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asimov42

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Apologies for an additional thread (could not delete the previous one which was not coherent). After reading this paper:

https://link.springer.com/article/10.1007/s10701-021-00464-7

"Fast Vacuum Fluctuations and the Emergence of Quantum Mechanics" Gerard ’t Hooft

I was struck by a general question - the paper states (in relation to interference in the double slit experiment that): "It does something else however: if we select one slit, and repeat this experiment many times, then we are making a selection among the initial states chosen for the fast variables. This selection will not be an even one! Therefore, the initial state of the fast variables must now be described as a superposition of different energy eigenstates."

't Hooft's formulation requires all so called "fast variables" to be in their ground state always (as far as I can tell). So my question is: what does it mean to have "different" energy eigenstates when all variables

Are two energy eigenstates considered "different" if they differ by phase only? Or can variables with different energy eigenstates have the same energy but be distinguished by other aspects of the state that may be different? I am confused in general about how two variables can be in their lowest energy states and yet be "different."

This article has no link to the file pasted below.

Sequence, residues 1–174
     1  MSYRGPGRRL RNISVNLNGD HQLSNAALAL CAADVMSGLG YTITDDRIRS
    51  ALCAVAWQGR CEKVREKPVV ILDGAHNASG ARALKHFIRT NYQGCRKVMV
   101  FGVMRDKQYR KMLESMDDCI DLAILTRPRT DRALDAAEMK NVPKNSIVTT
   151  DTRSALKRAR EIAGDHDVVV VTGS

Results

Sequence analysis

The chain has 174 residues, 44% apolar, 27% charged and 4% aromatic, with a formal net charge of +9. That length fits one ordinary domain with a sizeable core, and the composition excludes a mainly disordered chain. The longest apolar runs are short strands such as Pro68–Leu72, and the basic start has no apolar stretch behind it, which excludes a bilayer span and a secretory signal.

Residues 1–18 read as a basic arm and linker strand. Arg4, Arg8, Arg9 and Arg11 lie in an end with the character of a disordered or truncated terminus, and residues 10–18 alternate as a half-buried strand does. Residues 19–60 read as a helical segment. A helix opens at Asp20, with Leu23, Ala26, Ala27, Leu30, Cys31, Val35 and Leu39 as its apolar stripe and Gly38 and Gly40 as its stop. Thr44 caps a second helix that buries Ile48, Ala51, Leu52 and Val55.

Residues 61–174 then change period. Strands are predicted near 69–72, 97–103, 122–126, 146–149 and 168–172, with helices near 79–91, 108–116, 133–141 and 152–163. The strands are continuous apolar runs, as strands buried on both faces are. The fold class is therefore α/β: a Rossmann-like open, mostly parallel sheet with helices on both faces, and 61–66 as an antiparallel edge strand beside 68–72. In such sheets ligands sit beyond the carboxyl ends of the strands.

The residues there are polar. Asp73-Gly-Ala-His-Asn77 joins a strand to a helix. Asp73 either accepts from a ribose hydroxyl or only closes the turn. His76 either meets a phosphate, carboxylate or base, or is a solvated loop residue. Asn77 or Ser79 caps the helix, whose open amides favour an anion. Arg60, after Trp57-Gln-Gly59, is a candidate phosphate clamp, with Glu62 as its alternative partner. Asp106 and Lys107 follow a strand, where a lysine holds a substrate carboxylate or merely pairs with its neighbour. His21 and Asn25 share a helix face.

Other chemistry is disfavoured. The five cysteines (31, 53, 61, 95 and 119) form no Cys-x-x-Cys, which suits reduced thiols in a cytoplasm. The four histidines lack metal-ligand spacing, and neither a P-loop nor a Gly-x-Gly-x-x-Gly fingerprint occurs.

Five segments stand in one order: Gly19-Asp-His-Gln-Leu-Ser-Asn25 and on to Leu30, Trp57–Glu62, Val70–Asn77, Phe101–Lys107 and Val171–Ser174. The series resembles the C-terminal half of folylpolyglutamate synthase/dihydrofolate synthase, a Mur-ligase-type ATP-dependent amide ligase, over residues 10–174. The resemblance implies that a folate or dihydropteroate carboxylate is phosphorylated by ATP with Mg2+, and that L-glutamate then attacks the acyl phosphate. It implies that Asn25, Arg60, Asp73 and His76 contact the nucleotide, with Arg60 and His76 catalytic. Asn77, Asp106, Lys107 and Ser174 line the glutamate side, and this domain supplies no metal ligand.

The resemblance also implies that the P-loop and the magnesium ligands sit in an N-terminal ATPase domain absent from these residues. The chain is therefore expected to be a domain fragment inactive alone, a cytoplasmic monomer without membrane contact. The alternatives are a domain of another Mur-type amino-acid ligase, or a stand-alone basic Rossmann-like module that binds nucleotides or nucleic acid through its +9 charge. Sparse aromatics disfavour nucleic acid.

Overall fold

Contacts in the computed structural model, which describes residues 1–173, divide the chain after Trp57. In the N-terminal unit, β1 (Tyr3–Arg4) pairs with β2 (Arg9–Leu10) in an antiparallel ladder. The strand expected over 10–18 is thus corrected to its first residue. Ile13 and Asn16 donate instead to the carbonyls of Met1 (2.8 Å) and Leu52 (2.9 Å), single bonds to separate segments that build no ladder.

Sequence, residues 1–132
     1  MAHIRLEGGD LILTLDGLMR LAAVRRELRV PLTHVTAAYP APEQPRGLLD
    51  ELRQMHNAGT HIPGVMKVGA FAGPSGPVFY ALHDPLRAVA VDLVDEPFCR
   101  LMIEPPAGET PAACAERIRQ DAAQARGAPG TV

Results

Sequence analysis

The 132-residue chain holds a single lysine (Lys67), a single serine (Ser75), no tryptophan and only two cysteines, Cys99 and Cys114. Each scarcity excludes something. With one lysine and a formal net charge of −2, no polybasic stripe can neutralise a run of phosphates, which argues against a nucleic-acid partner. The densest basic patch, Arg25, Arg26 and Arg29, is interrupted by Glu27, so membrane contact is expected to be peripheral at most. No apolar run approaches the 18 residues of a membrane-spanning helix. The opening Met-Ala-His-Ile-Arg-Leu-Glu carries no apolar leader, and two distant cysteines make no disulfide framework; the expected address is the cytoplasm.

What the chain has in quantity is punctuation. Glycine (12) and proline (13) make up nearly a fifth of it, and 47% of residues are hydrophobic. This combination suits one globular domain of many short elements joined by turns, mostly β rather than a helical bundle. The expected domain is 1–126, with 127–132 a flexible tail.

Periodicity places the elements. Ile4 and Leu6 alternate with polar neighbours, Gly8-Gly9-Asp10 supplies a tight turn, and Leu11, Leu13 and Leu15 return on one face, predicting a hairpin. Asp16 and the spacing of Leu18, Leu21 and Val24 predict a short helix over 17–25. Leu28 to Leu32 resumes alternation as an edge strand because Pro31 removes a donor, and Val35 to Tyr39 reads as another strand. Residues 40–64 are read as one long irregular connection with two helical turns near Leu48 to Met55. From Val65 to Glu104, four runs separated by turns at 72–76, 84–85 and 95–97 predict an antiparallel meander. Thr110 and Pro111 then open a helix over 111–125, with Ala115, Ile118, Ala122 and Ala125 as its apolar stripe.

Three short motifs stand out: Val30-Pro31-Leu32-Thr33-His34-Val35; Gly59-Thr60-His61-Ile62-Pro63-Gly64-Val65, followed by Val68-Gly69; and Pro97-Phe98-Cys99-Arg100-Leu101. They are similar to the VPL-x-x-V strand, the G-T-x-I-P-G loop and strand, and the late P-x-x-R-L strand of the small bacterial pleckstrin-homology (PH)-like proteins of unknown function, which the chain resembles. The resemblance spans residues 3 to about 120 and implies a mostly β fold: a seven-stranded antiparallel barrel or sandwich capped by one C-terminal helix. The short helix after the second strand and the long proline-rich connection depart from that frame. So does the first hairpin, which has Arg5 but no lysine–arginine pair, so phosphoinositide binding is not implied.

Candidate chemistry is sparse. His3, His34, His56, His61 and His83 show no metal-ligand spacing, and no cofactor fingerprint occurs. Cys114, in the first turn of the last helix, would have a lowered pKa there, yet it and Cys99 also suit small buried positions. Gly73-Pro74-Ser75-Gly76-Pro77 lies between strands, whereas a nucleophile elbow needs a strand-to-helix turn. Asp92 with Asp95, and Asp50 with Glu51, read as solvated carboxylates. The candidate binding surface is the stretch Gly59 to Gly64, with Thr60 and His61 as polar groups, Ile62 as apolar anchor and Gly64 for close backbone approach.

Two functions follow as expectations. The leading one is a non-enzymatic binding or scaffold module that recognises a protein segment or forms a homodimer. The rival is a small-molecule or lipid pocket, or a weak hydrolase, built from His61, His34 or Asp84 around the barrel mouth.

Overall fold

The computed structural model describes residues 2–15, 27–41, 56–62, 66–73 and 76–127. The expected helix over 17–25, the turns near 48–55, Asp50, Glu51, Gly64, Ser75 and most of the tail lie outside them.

https://link.springer.com/article/10.1007/s10701-021-00464-7

"Fast Vacuum Fluctuations and the Emergence of Quantum Mechanics" Gerard ’t Hooft

I was struck by a general question - the paper states (in relation to interference in the double slit experiment that): "It does something else however: if we select one slit, and repeat this experiment many times, then we are making a selection among the initial states chosen for the fast variables. This selection will not be an even one! Therefore, the initial state of the fast variables must now be described as a superposition of different energy eigenstates."

't Hooft's formulation requires all so called "fast variables" to be in their ground state always (as far as I can tell). So my question is: what does it mean to have "different" energy eigenstates when all variables

*must*be in their lowest-energy eigenstates? This is a more general question that is not specific to this paper. That is, what's different?Are two energy eigenstates considered "different" if they differ by phase only? Or can variables with different energy eigenstates have the same energy but be distinguished by other aspects of the state that may be different? I am confused in general about how two variables can be in their lowest energy states and yet be "different."

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